In an apparent first, a Canadian Imperial Bank of Commerce unit is offering investment products through tellerless grocery-store kiosks in Florida.

Amicus Financial, Canadian Imperial’s online banking unit, said it started selling four index funds plus a money market fund on Monday through store-brand kiosks in Florida’s 100 Winn-Dixie Stores Inc. supermarkets.

The funds are managed by the online investment firm Whatifi Financial Inc. of Boston. They are available only to Amicus customers who have signed up through the private-label “Marketplace Bank” service provided at Winn-Dixie stores.

These customers can now establish Whatifi accounts, with as little as $100, through the kiosks, or can obtain information from them to open such accounts from home by computer or phone.

Whatifi (pronounced “what if I”) also provides investment advice via kiosk, PC, and call center.

“The key in the supermarket is simplicity. People are going into these locations, and they want to be able to get what they are looking for quickly and easily,” said Robert Almeida, the chief officer of strategy, development, and marketing at Amicus, which has 500,000 customers. “If you can remove the barriers, more people will look to invest.”

Harris Fricker, the chief executive officer of, said the partnership is its first with a bank.

All five of Whatifi’s Van Ness Funds are offered; all are subadvised by Barclays Global Fund Advisors. The four indexes are the Standard & Poor’s 500; the Wilshire 4500; the Morgan Stanley Europe, Australia, Far East index; and the Lehman Brothers bond index.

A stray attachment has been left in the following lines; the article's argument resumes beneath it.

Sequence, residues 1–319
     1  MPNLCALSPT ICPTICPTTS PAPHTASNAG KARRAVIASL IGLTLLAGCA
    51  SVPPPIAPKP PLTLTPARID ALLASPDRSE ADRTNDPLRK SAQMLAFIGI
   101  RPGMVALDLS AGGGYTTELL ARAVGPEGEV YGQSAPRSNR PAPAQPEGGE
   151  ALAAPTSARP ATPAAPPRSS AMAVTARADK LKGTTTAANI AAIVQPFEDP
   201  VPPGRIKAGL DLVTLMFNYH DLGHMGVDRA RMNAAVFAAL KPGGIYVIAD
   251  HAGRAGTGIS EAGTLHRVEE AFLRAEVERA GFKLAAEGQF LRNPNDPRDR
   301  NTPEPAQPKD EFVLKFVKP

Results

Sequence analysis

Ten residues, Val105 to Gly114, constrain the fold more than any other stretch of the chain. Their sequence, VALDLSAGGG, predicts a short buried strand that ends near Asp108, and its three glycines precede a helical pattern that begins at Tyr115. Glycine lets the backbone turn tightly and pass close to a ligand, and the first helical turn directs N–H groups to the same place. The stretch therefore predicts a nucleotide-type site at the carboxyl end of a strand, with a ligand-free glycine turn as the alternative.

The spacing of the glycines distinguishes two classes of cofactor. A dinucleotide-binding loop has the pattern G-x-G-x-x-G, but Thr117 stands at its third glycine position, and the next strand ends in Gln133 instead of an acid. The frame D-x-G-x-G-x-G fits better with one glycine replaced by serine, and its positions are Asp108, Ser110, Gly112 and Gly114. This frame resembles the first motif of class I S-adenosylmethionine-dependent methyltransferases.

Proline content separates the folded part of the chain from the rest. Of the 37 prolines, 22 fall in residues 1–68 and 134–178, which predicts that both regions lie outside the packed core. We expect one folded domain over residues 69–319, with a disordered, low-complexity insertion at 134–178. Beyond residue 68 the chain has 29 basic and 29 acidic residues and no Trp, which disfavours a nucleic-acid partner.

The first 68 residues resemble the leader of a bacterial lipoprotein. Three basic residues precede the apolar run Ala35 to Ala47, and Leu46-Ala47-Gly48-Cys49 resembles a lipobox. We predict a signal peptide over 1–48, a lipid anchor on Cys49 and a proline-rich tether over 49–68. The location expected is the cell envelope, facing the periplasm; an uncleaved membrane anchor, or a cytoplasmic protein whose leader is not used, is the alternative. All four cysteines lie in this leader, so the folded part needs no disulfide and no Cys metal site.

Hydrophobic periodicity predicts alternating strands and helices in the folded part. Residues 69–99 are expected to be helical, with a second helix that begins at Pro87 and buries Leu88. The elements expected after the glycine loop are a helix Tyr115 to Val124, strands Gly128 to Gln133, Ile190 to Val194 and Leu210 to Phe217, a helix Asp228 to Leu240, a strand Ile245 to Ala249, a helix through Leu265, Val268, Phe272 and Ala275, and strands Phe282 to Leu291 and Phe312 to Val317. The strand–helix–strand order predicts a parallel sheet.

“There was a significant demand in their [Amicus’] channel for investment solutions, and we were looking to expand distribution with this type of partnership so that we could target the entry-level saver,” Mr. Fricker said.

Though other banks that operate branches in convenience stores and supermarkets have been offering a full portfolio of investment products for years, analysts say that Amicus is the first bank to offer investment products through tellerless grocery-store kiosks.

“These branches are fairly educational — they are not your typical full-service supermarket branches,” said John Garnett, the chief executive officer of International Banking Technologies of Norcross, Ga., which develops in-store banking programs. “Customers cannot go in there and buy a product from an account representative. Amicus had to find an investment product that could be sold without a salesman.”

Mr. Garnett said Amicus’ approach to cross-selling mutual funds through grocery-store branches is unusually passive. “Most in-store locations rely on salespeople being good cross-sellers,” he said. “Amicus is putting the product out there and relying on the customer. Time will tell how successful this is.”

Amicus and plans to expand outside Florida to through Winn-Dixie’s 1,000 supermarkets in 14 states. By yearend, he said, it plans to roll out the mutual-fund terminals in its kiosks in Safeway Inc. grocery stores in California and Colorado, and Loblaw Inc. grocery stores in Canada.

“We have to proceed slowly,” Mr. Almeida said. “This is a very simple investment product we are offering, and we are aware of that. We want to ease our customers into investment before we start expanding into more products and services.”

Amicus, which the bank created in February 1998, sells its banking products and services under brands established by the parent company. It has partnerships with Loblaw Co., Winn-Dixie, Safeway Inc., and Yahoo PayDirect.

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